Ken Doctor has a very smart and interesting take on the news that the NYT now has 390,000 paying digital subscribers — plus another 16,000 at the Boston Globe. It’s unambiguously good news, on many fronts.
First, and most importantly, digital ad revenues went up by 10% in the area of the business with the paywall, while plunging by 26% at About Group, which doesn’t have one. The big worry about the paywall was always that it would eat into ad revenues, and that really doesn’t seem to have happened. Of course, it’s impossible to know what the NYT’s digital ad revenues would have done sans paywall. But my gut feeling is that it’s a net positive: it allows for much more targeted advertising and therefore higher ad rates.
What’s more, the NYT still has massive reach outside the paywall: it has at least an order of magnitude more unique visitors each month than it has paying subscribers. The NYT can still sell those other visitors just as it always could; they certainly haven’t become less valuable since the paywall went up.
The only possible cloud in this picture is in overall traffic growth: the NYT doesn’t give pageview numbers, but sites like Quantcast and Compete say that they see no real growth in traffic to nytimes.com, and possibly a small decline. Again, the counterfactual is impossible to know: would traffic have been bigger had the paywall not been in place? I don’t think that the paywall has reduced traffic very much, but I do think that the amount of time and money and editorial effort which went in to constructing the paywall might well have found its way into other innovations, had the paywall not happened, which would have made the NYT an even better and more popular product.
That said, the paywall has probably paid for itself already, and with luck some of the extra cashflow it throws off will be reinvested in more consumer-friendly innovations.
The other big news today is this:
Churn is less with digital than print customers: Skeptics opined that people might sign up, but then flee after sampling the paid digital product. The opposite appears true: Smurl says digital churn is less than print churn.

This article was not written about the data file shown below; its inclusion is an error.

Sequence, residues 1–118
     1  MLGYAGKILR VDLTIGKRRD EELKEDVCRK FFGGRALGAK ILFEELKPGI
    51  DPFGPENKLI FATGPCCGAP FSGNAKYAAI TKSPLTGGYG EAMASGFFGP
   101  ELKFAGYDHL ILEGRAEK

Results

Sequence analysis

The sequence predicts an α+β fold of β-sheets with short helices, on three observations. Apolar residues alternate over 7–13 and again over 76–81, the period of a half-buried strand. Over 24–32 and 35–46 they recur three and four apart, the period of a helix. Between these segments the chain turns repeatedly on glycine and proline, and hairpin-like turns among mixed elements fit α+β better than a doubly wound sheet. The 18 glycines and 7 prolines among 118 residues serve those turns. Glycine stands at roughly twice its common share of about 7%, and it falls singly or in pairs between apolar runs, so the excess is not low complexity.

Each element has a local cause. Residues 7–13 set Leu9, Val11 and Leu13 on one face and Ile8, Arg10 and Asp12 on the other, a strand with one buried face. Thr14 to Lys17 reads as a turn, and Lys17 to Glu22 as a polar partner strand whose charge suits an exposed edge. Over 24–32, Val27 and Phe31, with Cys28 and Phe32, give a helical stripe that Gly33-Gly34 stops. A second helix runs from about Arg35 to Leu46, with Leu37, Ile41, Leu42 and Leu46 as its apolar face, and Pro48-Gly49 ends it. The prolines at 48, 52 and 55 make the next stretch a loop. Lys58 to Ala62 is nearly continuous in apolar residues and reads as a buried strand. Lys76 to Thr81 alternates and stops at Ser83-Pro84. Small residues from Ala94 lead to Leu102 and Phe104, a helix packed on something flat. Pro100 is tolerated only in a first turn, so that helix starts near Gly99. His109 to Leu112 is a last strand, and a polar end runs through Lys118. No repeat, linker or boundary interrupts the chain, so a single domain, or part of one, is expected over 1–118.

I didn’t expect this, but I believe it, and it’s really great for the NYT. It’s easy to cancel a NYT subscription, but by the same token it’s easy to keep one, too. And it seems that once you’ve taken the plunge and started paying for the NYT, you keep on paying — even more than with a print newspaper.
The result is that the NYT’s digital subscribers are a bit like a bank’s depositor base: although in theory they could leave at any time, in practice they’re an incredibly stable funding source. Much more stable, to be sure, than any advertiser.
But while I’m happy about this state of affairs, I still don’t really understand it. Here’s Doctor, again:
It took about 12 seconds for Times’ readers to figure out the new subscription math, when the company when digital-paid last year. When they did the math and saw they could get the four-pound Sunday paper and “all-digital-access” for $60 less than “all-digital-access” by itself, they took the newsprint. Which stabilized Sunday sales, and the Sunday ad base. Then the Times was able to announce a near-historic fact in October: Sunday home delivery subscriptions had actually increased year-over-year, a positive point in an industry used to parsing negatives. Now, Sunday is emerging a key point of strategic planning.
This is great news for the Sunday newspaper, which is highly profitable for the NYT. But it also raises the obvious question: why are 390,000 NYT readers eschewing a Sunday paper they could get for less than nothing? Some are IHT subscribers who don’t have that option; others are naturally peripatetic. And the cheapest digital subscription is actually still cheaper than the Sunday-only delivery.
It seemed to me, when I entered into my ill-fated bet with John Gapper, that NYT readers would go for the free access bundled with the paper, rather than plump for digital-only access. But increasingly it seems that readers actively dislike having to manage a physical paper, and are willing to pay for making the whole experience virtual.